|Product Name||Rick Steves' Budapest, 3rd Edition|
|Category||Book / Magazine / Publication|
|Amazon.com||Buy on Amazon ~ 161238546X|
|Price New||64.20 US Dollars (curriencies)|
|Price Used||4.40 US Dollars (curriencies)|
|Width||4.5 inches (convert)|
|Height||8 inches (convert)|
|Length||1 inches (convert)|
|Weight||15.52 ounces (convert)|
|Author||Rick Steves, Cameron Hewitt|
You can count on Rick Steves to tell you what you really need to know when traveling in Budapest.
In this guide, you'll find a thorough exploration of Europe's most underrated city. Soak with Hungarians in a thermal bath, sample paprika at the Great Market Hall, and take a romantic twilight cruise on the Danube. Wander through the opulence of Budapest's late-19-century Golden Age: the Parliament, Opera House, Great Synagogue, and Heroes' Square. For a break from the big city, head into the countryside—to Habsburg palaces, Hungarian folk villages, the historic wine-making capital of Eger, and colorully tiled Pécs.
Rick's candid, humorous advice will guide you to good-value hotels and restaurants. He'll help you plan where to go and what to see, depending on the length of your trip. You'll get up-to-date recommendations about what is worth your time and money. More than just reviews and directions, a Rick Steves guidebook is a tour guide in your pocket.
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Article of interest
This symbology was developed by the Plessey Company in England. A variation of Plessey was used by the ADS Company and is known as Anker Code. Anker Code was used in European point of sale systems prior to the advent of EAN. Another variation is known as the MSI Code.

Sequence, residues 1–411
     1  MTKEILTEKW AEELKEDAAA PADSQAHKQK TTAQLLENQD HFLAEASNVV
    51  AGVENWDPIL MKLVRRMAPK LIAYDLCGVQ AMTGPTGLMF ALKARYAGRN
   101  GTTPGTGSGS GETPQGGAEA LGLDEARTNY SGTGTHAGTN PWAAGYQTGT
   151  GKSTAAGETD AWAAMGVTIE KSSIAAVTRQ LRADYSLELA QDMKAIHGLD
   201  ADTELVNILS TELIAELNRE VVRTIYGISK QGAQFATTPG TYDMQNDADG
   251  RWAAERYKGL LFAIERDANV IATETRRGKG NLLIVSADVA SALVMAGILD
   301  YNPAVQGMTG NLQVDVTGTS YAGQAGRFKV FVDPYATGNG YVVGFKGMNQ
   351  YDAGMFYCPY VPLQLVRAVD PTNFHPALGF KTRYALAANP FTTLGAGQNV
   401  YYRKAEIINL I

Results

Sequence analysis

Plessey offers a full range of HEX digits 0-F. The bit pattern of the bits sets the high order bit at the right which is reverse of how we normally think of bits these days. (MSI puts the high order bit on the left).
The start bar is always "D" (1101) and the terminator can be two binary 1's (11) if the barcode is to be read from left to right only. If the barcode can be read in either direction the terminator will be a single binary 1 (1) and is followed by a reverse of the start character or the "B" (1011).
|Digit||Strip Bits||Binary Value|
|STOP < >||110110100110110||11011|
You can use the stripe bits can be used to generate the graphic pattern. If you want to see this trick, check out the MSI Code page. Plessey uses a cyclic (or polynomial) check code technique which is applied to the reading of barcode labels and transmission of data. This technique is a fair compromise between the extra redundancy and the error detecting power. Roughly one undetected error per hundred million 6 digit transactions.
If you would like to generate your own Plessey Barcode, please visit our free barcode generator page. Make your code, save it and use it how ever you like.